Become a Member

Get access to more than 30 brands, premium video, exclusive content, events, mapping, and more.

Already have an account? Sign In

Become a Member

Get access to more than 30 brands, premium video, exclusive content, events, mapping, and more.

Already have an account? Sign In


Gravel Gear

Bike of the year: Trek Checkpoint SL 5

Gravel bikes abound, but this one checks all the boxes, and at a great price.

Lock Icon

Unlock this article and bundle up with Outside+.

Already have an Outside Account? Sign in

Outside+ Logo

40% Off Holiday Sale, Ends Nov. 28
$4.99 $2.99 / month*

Get the one subscription to fuel all your adventures.

  • Map your next adventure with our premium GPS apps: Gaia GPS Premium and Trailforks Pro.
  • Read unlimited digital content from 15+ brands, including Outside Magazine, Triathlete, Ski, Trail Runner, and VeloNews.
  • Watch 600+ hours of endurance challenges, cycling and skiing action, and travel documentaries.
  • Learn from the pros with expert-led online courses.
Join Outside+

*Outside memberships are billed annually. You may cancel your membership at anytime, but no refunds will be issued for payments already made. Upon cancellation, you will have access to your membership through the end of your paid year. More Details

Seemingly every bike brand out there has at least one gravel bike now, and for good reason: gravel riding is a blast. You do it away from cars, and riding gravel offers ample self-modulation on how social or competitive you want the experience to be.

Within this crowded category, Trek’s Checkpoint SL 5 is our bike of year because it checks all the boxes: It is fun, fast, comfortable, practical, adjustable, versatile, and well-priced. There are cooler gravel bikes out there. Boutique makers are doing some gorgeous and innovative work these days. But a frame from a small builder will run you more than this entire bike costs. And, yes, there are lighter gravel bikes with higher-end components.

But the Checkpoint SL 5 covers the broadest swath of riders at the best price with the most complete package. Here’s why:

Carbon frame with smart details

Trek has aluminum frames for less money. We think the carbon IsoSpeed model is worth the cash, for both the weight-to-stiffness ratio as well as the built-in flex for comfort you get with the effective pivot at the junction of top tube and seat tube/seatmast. There are no suspension parts to maintain or worry about; just pedal and enjoy the smooth ride.

The frame is packed with smart details for gravel riding, yet these details do not scream for attention or get in the way. For starters, you have mounts for four (four!) bottle cages, plus mounts for a box or bag on the top tube. You have low-profile mounts for racks and front and rear fenders. You’ve got sliding rear dropouts; should your chain break in the middle of a race or the middle of nowhere, you can cobble together a singlespeed to get home. (You can also adjust your wheelbase for normal geared riding, too.)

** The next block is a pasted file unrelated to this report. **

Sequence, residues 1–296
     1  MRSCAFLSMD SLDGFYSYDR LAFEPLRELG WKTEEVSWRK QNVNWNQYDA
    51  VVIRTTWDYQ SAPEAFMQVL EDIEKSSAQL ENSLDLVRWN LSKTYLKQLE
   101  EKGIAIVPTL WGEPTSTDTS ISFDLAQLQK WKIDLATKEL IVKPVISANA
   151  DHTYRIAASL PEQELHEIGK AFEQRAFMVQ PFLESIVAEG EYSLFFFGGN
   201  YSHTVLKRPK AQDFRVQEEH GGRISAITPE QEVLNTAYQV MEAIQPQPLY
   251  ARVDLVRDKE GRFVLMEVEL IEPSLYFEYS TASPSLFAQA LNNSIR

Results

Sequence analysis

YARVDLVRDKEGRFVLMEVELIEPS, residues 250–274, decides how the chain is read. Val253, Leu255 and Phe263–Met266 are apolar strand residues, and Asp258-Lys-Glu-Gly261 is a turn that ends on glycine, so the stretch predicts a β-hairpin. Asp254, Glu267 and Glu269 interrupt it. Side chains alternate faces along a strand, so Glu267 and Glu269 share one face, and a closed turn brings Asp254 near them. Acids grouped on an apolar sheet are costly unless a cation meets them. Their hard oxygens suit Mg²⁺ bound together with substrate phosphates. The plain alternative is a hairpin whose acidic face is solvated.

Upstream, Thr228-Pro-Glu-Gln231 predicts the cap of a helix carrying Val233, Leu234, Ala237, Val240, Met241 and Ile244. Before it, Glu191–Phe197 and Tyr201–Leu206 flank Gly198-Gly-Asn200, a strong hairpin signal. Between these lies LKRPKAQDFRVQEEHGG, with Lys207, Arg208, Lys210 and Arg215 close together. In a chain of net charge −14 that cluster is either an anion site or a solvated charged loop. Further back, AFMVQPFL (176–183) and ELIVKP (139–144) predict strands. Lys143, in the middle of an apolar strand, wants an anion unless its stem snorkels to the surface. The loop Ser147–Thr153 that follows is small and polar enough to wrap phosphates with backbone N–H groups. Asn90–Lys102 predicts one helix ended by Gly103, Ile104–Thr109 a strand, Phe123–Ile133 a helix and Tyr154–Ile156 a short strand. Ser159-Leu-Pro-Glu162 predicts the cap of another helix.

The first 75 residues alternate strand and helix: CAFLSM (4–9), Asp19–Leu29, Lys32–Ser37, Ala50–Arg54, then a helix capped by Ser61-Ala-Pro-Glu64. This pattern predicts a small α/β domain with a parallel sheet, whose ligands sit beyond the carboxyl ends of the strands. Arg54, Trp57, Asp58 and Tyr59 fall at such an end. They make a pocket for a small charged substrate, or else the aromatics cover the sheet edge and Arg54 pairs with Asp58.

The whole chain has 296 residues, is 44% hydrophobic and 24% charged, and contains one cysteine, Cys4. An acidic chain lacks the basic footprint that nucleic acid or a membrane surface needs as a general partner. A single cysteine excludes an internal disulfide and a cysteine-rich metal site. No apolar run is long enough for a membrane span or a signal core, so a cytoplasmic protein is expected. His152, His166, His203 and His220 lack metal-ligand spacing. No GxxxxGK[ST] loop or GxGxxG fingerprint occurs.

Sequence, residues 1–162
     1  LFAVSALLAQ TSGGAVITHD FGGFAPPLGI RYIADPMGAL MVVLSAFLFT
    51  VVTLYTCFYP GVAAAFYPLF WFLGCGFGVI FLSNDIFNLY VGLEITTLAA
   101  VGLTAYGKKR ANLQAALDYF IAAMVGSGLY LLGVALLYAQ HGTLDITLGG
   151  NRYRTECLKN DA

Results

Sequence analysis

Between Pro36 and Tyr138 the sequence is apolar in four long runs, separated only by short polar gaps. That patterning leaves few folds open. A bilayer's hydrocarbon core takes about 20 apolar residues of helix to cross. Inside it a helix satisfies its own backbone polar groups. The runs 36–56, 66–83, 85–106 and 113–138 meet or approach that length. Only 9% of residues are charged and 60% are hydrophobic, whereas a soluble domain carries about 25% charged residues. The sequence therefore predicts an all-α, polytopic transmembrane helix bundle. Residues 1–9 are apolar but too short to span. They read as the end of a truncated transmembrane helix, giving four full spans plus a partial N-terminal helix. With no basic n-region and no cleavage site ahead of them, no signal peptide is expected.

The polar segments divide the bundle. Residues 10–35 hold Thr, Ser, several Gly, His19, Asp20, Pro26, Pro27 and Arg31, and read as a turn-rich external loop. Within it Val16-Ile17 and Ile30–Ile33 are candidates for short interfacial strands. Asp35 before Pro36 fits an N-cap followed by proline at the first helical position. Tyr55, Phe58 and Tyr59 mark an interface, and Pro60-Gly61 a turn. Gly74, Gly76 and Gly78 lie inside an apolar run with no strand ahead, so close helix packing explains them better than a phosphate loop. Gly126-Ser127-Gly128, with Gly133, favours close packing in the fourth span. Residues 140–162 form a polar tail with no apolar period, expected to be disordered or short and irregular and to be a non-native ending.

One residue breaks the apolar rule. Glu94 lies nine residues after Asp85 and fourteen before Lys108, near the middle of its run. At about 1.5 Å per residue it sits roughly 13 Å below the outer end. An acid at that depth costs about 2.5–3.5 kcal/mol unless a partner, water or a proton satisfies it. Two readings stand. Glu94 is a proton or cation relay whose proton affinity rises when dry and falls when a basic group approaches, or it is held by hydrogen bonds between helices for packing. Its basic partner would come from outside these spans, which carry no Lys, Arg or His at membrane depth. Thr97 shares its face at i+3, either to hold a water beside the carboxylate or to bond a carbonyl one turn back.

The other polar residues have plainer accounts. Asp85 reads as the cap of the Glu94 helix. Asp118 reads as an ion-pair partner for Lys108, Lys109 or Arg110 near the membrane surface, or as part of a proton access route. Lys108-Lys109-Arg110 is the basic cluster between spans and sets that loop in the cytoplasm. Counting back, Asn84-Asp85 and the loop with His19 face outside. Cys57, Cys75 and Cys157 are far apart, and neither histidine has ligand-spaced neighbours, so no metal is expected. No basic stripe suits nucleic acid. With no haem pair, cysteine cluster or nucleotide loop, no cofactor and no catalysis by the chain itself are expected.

Trek includes other handy details in the frame, too, like a bash guard under the down tube and internal routing guides, so your mechanic doesn’t go crazy when overhauling the thing.

The frame and fork can handle tires up to 45mm wide, with plenty of room on either side.

Geometry-wise, the bike is long and low for all-day stability, but it isn’t super slack and sleepy like some gravel bikes. So, you can swap in road slicks and, presto, you’ve got a sturdy road bike.

A utilitarian parts package

The Checkpoint comes in a variety of models, and Trek dressed the 2020 SL 5 in Shimano 105 with alloy Bontrager wheels and cockpit, plus Schwalbe G-One tires.

I’m a big fan of Shimano’s GRX gravel group, but the 105 road group as spec’ed here offered huge versatility. With a 50/34 compact crank paired to an 11-34 cassette, you have 1:1 “jeep” gearing for creeping up the steeps, and a decent 50×11 for pushing the pace on pavement. Sure, you’re missing out on the clutch derailleur featured on GRX and some of SRAM’s offerings, but a 105 rear derailleur can do gravel just fine.

While one-by gravel bikes look cool, it’s hard to beat the performance, the range, and the small steps of a good two-by system — especially if you’re looking to do double duty on pavement. This is a rider preference thing, and this rider loves Shimano two-by.

Further, Shimano’s hydraulic brakes, even at the 105 level, are superb.

The Bontrager wheels are no-nonsense 28-spoke affairs that can easily be set up tubeless with Trek’s plastic strips. At 17mm internal, they aren’t exactly modern-gravel wide, but they get the job done. Also, can we talk levers? While it’s en vogue to ditch wheel levers for the svelte look of Allen-wrench-only designs, do you really want to dig out a tool to have to take your wheel off? No, you don’t. More user-friendly points here for Trek.

Bontrager’s alloy cockpit is similar; it’s not flashy or fussy but simply well thought out, durable, and easy to work with. Snap a Blendr mount into the stem and you’ve got a Garmin and a GoPro/light mount in one tidy package that takes up zero space on your handlebar.

Lastly, the rubber. For gravel, it’s all about the tires, and this one rolls on what we believe to be the best tire in the game, Schwalbe’s G-One.

As the year draws to a close, Trek has already rolled out the 2021 Checkpoint models. The new Checkpoint SL 5 is $2,899.